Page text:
Lakeview School is situated at the head of Lake Merritt and surround by the beautiful Piedmont Hills. In one of the most attractive districts of Oakland.

Oakland Tribune Oct 1917

Across the street from the main building were two attractive smaller buildings that could not be seen from Grand Avenue.

There were manual art portables and a playground complete with equipment.

It appears that Julia Morgan designed an addition to Lakeview in 1915

Oakland Tribune Feb 1915

By 1917 Lakeview had an enrollment of 768.

Lakeview School circa the 1930s

Fire at the Lakeview School Annex – May 1937

Oakland Tribune May 03, 1937

MacArthur Freeway

In 1926 a group of Lakeview district residents appeared before the Board of Education to advocate steps to protect the area behind the school from future development. See below

They should see it now!

Go here to read the rest of the article
Oakland Tribune June 29, 1926

Lakeview School will soon be an island, completely surrounded by traffic”.

Oakland Tribune Jan 03, 1962

Oakland Tribune Jan 03, 1962

The school is located at 746 Grand Avenue, Oakland, CA, 94619

Lakeside Elementary – today
Lakeview
Elementary – today

It is now a charter school

American Indian Public High School –AIMS COLLEGE PREP HIGH SCHOOL
746 GRAND AVE, OAKLAND, CA 94610 | TEL: 510-220-5044

The End

Updated Oct 2019

Posted in History, Oakland

Leona Canyon Fire – Oct 1960

Oakland Tribune October 16, 1960

On Saturday, October 15, 1960, a brush fire started in the area of Mountain Blvd and Burckhalter Avenue.

The fire bore a striking resemblance to the disastrous 1923 Berkeley fire, which swept from the hills, destroyed 600 buildings, and leaving 4000 homeless.

Oakland Tribune October 16, 1960

The fire started at 11am and was under control by 2:30 pm and officially out by 4pm.

Oakland Tribune October 16, 1960

More than 200 firemen from the Oakland and San Leandro fought the fire for over four hours with the help of the residents who lived in the area. At times the fire came within feet of homes and rained sparks on their roofs. The damage was held to the loss of two houses, brush and oak trees.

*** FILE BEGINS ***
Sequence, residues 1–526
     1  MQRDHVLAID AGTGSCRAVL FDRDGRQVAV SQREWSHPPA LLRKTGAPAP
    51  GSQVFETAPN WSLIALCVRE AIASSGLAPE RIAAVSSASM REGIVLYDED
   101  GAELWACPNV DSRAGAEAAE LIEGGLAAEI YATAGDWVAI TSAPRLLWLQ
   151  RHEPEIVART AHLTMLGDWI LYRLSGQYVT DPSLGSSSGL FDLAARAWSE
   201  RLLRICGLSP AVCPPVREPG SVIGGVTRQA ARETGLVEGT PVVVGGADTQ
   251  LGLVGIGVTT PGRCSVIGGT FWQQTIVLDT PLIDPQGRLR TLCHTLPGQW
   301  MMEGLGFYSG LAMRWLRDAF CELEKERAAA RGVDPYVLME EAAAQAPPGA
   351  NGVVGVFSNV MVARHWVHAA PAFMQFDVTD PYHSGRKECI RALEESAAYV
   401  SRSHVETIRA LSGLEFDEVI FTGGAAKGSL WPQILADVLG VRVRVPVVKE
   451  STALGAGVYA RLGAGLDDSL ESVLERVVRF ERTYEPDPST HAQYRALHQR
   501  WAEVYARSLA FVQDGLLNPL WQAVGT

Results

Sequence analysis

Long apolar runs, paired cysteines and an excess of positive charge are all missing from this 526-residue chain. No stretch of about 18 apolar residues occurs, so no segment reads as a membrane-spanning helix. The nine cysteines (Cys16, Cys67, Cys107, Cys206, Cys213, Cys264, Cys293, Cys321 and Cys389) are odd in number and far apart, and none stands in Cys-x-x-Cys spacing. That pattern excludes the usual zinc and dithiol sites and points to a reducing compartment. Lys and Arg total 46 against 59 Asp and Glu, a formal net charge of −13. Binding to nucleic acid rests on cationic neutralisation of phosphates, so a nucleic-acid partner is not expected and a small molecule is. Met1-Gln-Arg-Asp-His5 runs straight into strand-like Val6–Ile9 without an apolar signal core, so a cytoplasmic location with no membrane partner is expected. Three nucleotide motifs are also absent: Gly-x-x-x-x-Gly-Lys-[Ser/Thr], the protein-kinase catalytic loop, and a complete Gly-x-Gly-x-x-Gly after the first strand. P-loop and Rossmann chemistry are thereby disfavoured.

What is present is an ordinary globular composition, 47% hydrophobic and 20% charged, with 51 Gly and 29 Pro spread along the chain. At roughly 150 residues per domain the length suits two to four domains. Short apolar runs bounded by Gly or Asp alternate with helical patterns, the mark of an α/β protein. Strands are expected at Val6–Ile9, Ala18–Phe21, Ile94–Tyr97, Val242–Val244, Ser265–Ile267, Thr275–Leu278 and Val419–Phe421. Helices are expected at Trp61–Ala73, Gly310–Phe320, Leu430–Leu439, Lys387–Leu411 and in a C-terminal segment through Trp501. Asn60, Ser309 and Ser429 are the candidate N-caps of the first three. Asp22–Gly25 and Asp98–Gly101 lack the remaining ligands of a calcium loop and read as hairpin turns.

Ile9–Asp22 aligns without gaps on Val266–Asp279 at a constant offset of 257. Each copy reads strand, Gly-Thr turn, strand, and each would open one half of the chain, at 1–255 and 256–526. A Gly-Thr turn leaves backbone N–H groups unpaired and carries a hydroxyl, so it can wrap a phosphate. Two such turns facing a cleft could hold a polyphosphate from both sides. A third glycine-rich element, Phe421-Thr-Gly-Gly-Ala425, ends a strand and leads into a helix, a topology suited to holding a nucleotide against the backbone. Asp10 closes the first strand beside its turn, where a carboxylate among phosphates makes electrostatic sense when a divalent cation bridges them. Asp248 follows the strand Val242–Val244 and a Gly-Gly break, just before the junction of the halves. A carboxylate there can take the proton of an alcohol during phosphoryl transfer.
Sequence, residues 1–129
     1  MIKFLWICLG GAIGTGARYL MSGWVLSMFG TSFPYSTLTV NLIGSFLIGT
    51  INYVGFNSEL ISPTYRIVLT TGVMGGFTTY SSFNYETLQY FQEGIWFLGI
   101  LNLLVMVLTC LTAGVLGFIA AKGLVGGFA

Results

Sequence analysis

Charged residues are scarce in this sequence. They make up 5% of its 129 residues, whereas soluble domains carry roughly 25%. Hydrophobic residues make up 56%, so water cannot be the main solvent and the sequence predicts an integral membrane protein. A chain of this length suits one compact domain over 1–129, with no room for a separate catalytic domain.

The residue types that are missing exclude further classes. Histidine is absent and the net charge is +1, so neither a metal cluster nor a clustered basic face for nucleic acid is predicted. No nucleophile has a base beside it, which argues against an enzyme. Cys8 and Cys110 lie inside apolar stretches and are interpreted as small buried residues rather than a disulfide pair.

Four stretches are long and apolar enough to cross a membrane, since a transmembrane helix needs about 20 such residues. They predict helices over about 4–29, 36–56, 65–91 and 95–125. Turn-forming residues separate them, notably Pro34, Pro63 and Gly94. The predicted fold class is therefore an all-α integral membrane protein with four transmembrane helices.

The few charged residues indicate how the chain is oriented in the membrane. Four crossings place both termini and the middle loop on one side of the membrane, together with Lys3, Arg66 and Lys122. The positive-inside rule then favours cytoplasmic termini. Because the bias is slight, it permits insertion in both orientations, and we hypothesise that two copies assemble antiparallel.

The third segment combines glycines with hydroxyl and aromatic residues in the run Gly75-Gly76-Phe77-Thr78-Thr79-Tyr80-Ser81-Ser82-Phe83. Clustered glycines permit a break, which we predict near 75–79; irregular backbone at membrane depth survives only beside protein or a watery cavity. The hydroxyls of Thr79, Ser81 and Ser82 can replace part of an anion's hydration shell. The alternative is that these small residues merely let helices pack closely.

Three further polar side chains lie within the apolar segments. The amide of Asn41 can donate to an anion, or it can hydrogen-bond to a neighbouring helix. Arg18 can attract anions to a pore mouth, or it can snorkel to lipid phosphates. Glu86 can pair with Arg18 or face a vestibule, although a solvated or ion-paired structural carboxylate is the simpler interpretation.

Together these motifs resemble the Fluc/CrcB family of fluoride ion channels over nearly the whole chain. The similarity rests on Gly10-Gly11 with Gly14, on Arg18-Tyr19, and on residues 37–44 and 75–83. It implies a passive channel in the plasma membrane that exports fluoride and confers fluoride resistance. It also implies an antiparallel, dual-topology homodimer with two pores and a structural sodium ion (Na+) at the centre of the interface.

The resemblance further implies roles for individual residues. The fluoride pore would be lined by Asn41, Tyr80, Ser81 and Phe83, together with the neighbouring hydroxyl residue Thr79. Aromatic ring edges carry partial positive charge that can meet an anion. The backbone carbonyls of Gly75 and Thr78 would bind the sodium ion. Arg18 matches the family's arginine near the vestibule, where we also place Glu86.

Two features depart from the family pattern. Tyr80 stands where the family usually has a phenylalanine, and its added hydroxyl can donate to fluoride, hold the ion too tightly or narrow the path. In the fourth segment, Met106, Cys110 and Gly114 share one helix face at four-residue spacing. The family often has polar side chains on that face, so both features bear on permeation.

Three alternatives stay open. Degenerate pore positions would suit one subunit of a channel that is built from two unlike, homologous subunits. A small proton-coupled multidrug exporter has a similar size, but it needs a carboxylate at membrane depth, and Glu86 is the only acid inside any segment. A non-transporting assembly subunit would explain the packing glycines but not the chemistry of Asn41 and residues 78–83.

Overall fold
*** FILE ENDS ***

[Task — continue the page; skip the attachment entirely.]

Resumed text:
From noon until 2pm the battle was a see-saw affair

Oakland Tribune October 16, 1960

Weekend Warriors

SF Examiner October 16, 1960

For the residents, it was a battle to the death. They stood of roofs and garages pointing hoses with little pressure behind them at the walls of flame, which roared through the brush and oak trees.

In the hills above, Leona Street flames roared 50 feet into the air and came within that distance of homes. At one point, police advised people to advise the residents on Leona Street, Mountain Blvd, and Mountain View Avenue to evacuate.

Cause Unknown

Oakland Tribune October 16, 1960

The cause of the fire was unknown. It ranged over an estimated 1200 acres after it starts near Mountain Blvd and Burckhalter Avenue. It’s course along Mountain Blvd northwesterly to Bermuda Avenue and up the hill towards Skyline Blvd.

There were unconfirmed reports of two boys playing with matches in the quarry area just before the fire started.

Oakland Tribune October 16, 1960

At the time, the winds gusted 45 mile-per-hour, which spread the fire across Mountain Blvd. but quick work by firemen and homeowners stopped the fire from spreading in that direction.

More than 100 homes were endangered during the day. Most were in the $30,000 bracket.

The Homes

  • 6384 Mountain Blvd – destroyed
  • 6434 Mountain Blvd – destroyed

The home at 6434 Mountain Blvd belonged to William Crecque, and 6384 Mountain Blvd belonged to Charles Suggs.

More

The End